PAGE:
4

For example, if I have:

.example1 {
  color: #646464;
}

.example2 {
  color: #646464;
}

After the processing is done, the code would look like:

.example1,
.example2 {
  color: #646464;
}

Because the designs I work with, I often find myself using the same declaration on many many rules (from different pages, etc. so I can't group them together on the spot) and I would like to know if something like this helps speed up the rendering in any way or if it has any benefits.

2
  • 1
    The advantage of doing this is likely to be miniscule. After minifying and zipping the difference in payload size is not likely to be worth the trouble. I doubt if the preprocessing would have any effect whatsoever on actual CSS performance.
    – user663031
    Jan 27 '16 at 18:15
  • Instead, you may want to consider how you write your CSS and HTML. More and more people are using "microclasses", where you would write .dark-gray { color: #646464; }, then write that class in your HTML.
    – user663031
    Jan 27 '16 at 18:57
1

You can use for that csso with option restructuring: true, but it is more postprocessing than preprocessing :)

.example1 {
  width: 100px;
  height: 100px;
  background: red;
}
.example2 {
  width: 100px;
  height: 100px;
  background: blue;
}

Output will be

.example1, .example2 {
  width: 100px;
  height: 100px;
  background: red;
}
.example2 {
  background: blue;
}
1
  • Cool! I see there's a Grunt plugin for that too: npmjs.com/package/grunt-csso, I think I'll use this from now on, it'll save a few lines for sure!
    – serge
    Jan 27 '16 at 18:25
0

You can do this with SCSS and placeholders:

%example {
  color: #646464;
}

.example1 {
  @extend %example;
}

.example2 {
  @extend %example;
}

Results in:

.example1,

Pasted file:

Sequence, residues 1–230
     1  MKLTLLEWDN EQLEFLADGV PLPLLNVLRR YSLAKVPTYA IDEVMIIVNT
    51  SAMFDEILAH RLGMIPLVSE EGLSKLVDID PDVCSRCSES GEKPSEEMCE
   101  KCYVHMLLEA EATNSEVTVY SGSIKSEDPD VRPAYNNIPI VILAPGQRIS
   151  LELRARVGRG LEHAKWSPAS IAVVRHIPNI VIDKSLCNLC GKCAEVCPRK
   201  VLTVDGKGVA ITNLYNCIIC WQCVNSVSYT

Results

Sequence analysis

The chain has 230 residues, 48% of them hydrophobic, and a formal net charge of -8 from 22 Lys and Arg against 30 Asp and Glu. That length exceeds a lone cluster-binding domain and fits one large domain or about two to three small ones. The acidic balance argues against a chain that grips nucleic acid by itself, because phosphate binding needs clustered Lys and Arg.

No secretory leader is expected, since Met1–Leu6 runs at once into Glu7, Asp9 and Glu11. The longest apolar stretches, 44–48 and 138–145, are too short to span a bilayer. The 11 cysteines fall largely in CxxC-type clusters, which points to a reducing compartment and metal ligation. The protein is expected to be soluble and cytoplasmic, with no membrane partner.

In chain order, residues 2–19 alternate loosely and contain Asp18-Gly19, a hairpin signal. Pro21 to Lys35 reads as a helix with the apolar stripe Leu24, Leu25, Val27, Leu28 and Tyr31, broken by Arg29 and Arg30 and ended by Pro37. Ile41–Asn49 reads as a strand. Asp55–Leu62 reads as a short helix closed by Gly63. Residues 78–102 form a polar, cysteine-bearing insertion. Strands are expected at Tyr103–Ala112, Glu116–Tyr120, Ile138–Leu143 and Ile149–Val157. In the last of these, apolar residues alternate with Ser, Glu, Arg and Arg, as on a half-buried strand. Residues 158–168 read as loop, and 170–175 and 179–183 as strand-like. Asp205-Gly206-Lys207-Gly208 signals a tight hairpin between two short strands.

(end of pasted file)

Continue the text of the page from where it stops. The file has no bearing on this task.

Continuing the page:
.example2 {
  color: #646464;
}

Note, misuse of the @extend functionality can lead to bloated code, and sometimes extending like this can actually do more harm than good. Harry Roberts has a good writeup on this.

Why placeholders specifically? (edit)

I didn't mention the fact that you could technically just have .example1 with the base styling and have it extended by .example2:

.example1 {
  color: #646464;
}

.example2 {
  @extend .example1;
}

The reason for this is that in my experience this leads to all sort of headache down the road. It's easy to forget what's extending what and thoughlessly tweak with unexpected results. For example:

.example1 {
  color: #646464;
}

.example2 {
  @extend .example1; //cool, example2 now has color #646464
}

//now I just want to change the example1 color for some reason
@media ( min-width: 640px ) {
  .example1 {
    color: pink; //<-- uh oh 
  }
}

You now have the following:

.example1,
.example2 {
  color: #646464;
}

@media ( min-width: 640px ) {
  .example1,
  .example2 {
    color: pink;
  }
}

Because @extend will apply across all instances of the extended selector. This is often unwanted behaviour, and can be painful to debug. A placeholder can be declared once and overridden as needed.

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